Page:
Cardiac myxomas are the most common primary cardiac tumour in adults, but are relatively infrequent in childhood, where cardiac rhabdomyomas are more frequent 8. There is a wide range in the age of presentation (11 - 82 years), with most patients presenting in adulthood (mean ~ 50 years of age) 7. There is a recognised female predilection 7.
Approximately 20% of patients are asymptomatic, with myxomas being found incidentally on imaging of the heart 7. Presumably, as the amount of imaging increases, so will this figure.
Clinical features variable and depend on the location and other associated pathology, e.g. valve destruction. However, a triad of symptoms is recognised 7-8:
- left sided : dyspnoea, orthopnoea, pulmonary oedema
- right sided : symptoms of right heart failure
- distribution will depend on location of tumour
- most are left sided, and therefore most are systemic (brain or extremities)
- weight loss, fatigue, weakness
- may resemble infective endocarditis (fever, arthralgia, lethargy)
In ~ 20% of patients, arrhythmias may be identified 7.
On auscultation a cardiac murmur is usually present. A characteristic finding in patients with pedunculated and prolapsing myxoma is the so called "tumour plop" 7.
Distribution within the heart
Patients with atrial myxomas can be divided into two groups : typical (vast majority) and atypical.
In typical cases, cardiac myxomas are almost always single, and there is a striking predilection for the left atrium, with approximately 75 - 86% occurring there 7,9.
In atypical cases, presentation is usually early and multiple tumours are more common and they are more frequently located on the right side of the heart, or in the left ventricle 7.
Overall distribution 8,9:
- atria : 95%
- left : 75%
- right : 20%
- ventricles : 5%
Controversy exists in regards to the true nature of these masses, but in general they are considered benign neoplasms. Some authors believe that they represent organised thrombus.
Morphologically they are often haemorrhagic and are of variable firmness. They can be sessile or pedunculated (commoner) and of variable size (1-10 cm). They most frequently arise in the left atrium, attached to the interatrial septum in the the region of the fossa ovale.
Chest x-rays can be normal 2. Abnormalities, if present, are non specific and include:
- cardiomegaly : left atrial enlargement
- intracardiac tumoral calcification
- evidence of mitral valve obstruction
- evidence of elevated left atrial pressure, e.g. pulmonary oedema
Echocardiography is usually the initial modality used for identification and evaluation of cardiac myxomas. They appear as hyperechogenic lesions with a well-defined stalk. Moreover, echocardiography can be useful to asses the mobility of the tumor, as it often protrude through valve flaps.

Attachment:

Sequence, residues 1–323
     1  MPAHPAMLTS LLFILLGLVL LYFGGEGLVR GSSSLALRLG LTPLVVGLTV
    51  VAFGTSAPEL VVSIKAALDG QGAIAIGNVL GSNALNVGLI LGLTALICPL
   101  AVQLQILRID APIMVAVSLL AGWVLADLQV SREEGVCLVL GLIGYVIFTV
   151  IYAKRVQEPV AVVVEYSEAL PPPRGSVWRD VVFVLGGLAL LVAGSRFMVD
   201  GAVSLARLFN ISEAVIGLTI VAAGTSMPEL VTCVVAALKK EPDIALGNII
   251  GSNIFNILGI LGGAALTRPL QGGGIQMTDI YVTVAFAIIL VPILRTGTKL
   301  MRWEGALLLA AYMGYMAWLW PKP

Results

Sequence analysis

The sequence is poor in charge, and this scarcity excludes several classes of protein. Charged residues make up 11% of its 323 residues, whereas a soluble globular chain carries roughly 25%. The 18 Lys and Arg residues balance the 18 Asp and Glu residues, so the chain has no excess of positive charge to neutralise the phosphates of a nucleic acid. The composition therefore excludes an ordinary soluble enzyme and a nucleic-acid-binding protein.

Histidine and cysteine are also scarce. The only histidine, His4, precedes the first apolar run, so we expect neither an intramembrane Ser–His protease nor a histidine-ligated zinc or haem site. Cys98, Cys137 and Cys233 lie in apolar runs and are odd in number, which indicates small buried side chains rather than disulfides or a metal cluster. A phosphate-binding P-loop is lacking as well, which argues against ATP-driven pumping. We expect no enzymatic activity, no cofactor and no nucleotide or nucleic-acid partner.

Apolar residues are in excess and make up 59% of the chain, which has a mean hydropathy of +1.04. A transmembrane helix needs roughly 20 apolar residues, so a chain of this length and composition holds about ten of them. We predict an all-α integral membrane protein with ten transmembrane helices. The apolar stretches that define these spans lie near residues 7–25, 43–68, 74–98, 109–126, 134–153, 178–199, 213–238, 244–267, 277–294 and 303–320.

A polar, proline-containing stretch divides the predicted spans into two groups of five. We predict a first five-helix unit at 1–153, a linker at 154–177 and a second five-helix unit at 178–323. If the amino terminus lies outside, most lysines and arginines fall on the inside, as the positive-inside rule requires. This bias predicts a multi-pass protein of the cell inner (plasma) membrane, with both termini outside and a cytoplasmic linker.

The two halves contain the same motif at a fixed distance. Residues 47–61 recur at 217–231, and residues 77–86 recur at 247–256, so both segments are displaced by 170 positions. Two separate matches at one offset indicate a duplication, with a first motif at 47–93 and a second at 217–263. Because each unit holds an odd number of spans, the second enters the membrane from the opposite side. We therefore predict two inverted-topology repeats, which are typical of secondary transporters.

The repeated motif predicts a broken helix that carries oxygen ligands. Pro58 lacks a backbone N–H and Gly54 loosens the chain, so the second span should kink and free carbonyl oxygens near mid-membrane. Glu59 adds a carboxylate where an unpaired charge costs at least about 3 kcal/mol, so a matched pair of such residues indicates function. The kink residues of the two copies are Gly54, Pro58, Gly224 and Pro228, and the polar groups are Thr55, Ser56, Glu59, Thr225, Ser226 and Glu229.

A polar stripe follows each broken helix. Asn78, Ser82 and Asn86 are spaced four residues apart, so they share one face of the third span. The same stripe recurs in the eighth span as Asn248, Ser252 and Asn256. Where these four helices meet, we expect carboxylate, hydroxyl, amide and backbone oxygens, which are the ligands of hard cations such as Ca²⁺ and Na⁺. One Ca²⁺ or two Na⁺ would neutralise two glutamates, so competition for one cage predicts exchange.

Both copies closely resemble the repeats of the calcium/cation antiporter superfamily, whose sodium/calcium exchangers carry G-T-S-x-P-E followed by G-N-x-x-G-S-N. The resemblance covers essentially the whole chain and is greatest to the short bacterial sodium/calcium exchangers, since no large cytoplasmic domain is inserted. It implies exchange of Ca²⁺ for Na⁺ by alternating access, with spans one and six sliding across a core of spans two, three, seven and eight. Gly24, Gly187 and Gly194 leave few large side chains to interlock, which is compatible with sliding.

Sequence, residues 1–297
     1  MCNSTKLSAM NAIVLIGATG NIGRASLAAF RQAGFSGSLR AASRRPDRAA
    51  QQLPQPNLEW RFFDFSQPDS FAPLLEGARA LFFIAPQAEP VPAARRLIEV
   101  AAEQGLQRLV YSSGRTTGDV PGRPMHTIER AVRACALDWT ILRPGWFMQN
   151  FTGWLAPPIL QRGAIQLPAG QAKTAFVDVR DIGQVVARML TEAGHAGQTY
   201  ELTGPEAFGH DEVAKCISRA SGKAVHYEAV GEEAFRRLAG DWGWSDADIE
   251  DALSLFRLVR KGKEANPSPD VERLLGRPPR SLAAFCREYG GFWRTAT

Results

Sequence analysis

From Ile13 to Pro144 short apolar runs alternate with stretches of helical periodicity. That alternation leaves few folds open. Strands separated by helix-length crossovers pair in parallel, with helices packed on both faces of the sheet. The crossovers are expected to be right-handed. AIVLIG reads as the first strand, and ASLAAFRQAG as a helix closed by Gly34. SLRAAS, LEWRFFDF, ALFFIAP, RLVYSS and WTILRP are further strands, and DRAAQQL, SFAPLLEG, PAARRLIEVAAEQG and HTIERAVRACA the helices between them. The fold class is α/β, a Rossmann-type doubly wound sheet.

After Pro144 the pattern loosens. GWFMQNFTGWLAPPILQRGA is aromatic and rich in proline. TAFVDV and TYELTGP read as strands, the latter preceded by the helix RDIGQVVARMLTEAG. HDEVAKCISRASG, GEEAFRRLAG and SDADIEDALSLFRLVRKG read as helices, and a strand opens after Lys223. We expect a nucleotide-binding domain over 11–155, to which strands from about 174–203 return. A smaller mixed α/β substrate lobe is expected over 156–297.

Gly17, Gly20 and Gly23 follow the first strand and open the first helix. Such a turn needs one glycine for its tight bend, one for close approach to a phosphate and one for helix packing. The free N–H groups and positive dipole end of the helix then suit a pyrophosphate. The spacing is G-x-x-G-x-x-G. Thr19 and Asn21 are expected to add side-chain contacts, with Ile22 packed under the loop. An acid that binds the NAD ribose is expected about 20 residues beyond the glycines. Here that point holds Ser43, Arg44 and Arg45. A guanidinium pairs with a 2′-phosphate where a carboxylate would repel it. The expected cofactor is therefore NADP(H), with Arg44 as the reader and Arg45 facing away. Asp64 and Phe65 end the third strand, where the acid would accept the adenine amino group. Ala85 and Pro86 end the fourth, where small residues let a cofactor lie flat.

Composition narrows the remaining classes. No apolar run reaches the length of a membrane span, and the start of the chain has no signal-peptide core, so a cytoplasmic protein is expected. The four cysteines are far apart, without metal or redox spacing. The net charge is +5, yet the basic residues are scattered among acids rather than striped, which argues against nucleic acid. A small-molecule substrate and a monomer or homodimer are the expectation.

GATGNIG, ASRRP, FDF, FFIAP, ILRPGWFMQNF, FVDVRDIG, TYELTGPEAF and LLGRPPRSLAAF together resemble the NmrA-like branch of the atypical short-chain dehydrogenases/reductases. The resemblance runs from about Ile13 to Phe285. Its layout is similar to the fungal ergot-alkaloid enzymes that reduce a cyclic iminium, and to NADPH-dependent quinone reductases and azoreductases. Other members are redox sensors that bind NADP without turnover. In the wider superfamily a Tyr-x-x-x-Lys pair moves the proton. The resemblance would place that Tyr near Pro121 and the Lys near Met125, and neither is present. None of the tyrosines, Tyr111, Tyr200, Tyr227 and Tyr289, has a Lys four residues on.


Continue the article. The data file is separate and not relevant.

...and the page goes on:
Myxomas, as is the case with other cardiac tumours, appear as intra-cardiac masses, most often in the left atrium and attached to the interatrial septum. They are usually heterogeneously low attenuating ( approximately 2/3 of cases 2,8). Due to repeated episodes of haemorrhage, dystrophic calcification is common 8.
If the mass is pedunculated, the motion within the heart can be demonstrated, including prolapse through the mitral valve.
MRI appearances are heterogeneous, reflecting the non-uniformity of these masses. They are typically spherical or ovoid masses which may be sessile or pedunculated 2,3.
- T1 : tend to be low to intermediate signal, but areas of haemorrhage may be high 3
- T2 : can be variable due to heterogeneity in tumour componants; e.g calcific components > low signal ; myxomatous components > high signal
- GE (gradient echo) : may show blooming of calcific components
- T1 C+ (Gd) : shows enhancement (important discriminator from a thrombus)
- cardiac arrthythmia(s)
- embolic complications - e.g stroke
Treatment and prognosis
Complete resection in typical cases is usually curative with recurrence rates (either locally or elsewhere in the heart) reported in 1-3% of cases. In atypical cases the rate is much higher (12 - 22%) 7.
- 1. Kumar V, Abbas AK, Fausto N et-al. Robbins and Cotran pathologic basis of disease. W B Saunders Co. (2005) ISBN:0721601871. Read it at Google Books - Find it at Amazon
- 2. Grebenc ML, Rosado-de-christenson ML, Green CE et-al. Cardiac myxoma: imaging features in 83 patients. Radiographics. 22 (3): 673-89. Radiographics (full text) - Pubmed citation
- 3. Masui T, Takahashi M, Miura K et-al. Cardiac myxoma: identification of intratumoral hemorrhage and calcification on MR images. AJR Am J Roentgenol. 1995;164 (4): 850-2. AJR Am J Roentgenol (citation) - Pubmed citation
- 4. Fueredi GA, Knechtges TE, Czarnecki DJ. Coronary angiography in atrial myxoma: findings in nine cases. AJR Am J Roentgenol. 1989;152 (4): 737-8. AJR Am J Roentgenol (abstract) - Pubmed citation
- 5. Tsuchiya F, Kohno A, Saitoh R et-al. CT findings of atrial myxoma. Radiology. 1984;151 (1): 139-43. Radiology (abstract) - Pubmed citation
- 6. Ryan R, Abbara S, Colen RR et-al. Cardiac valve disease: spectrum of findings on cardiac 64-MDCT. AJR Am J Roentgenol. 2008;190 (5): W294-303. doi:10.2214/AJR.07.2936 - Pubmed citation
- 7. Grebenc ML, Rosado de christenson ML, Burke AP et-al. Primary cardiac and pericardial neoplasms: radiologic-pathologic correlation. Radiographics. 20 (4): 1073-103. Radiographics (full text) - Pubmed citation
- 8. Schoepf UJ. CT of the heart, principles and applications. Springer. (2005) ISBN:1592598188. Read it at Google Books - Find it at Amazon
- 9. Attili AK, Gebker R, Cascade PN. Radiological reasoning: Right atrial mass. AJR Am J Roentgenol. 2007;188 (6): S26-30. doi:10.2214/AJR.06.0754 - Pubmed citation
- 10. Araoz PA, Eklund HE, Welch TJ et-al. CT and MR imaging of primary cardiac malignancies. Radiographics. 19 (6): 1421-34. Radiographics (full text) - Pubmed citation
Synonyms & Alternative Spellings
|Synonyms or Alternative Spelling||Include in Listings?|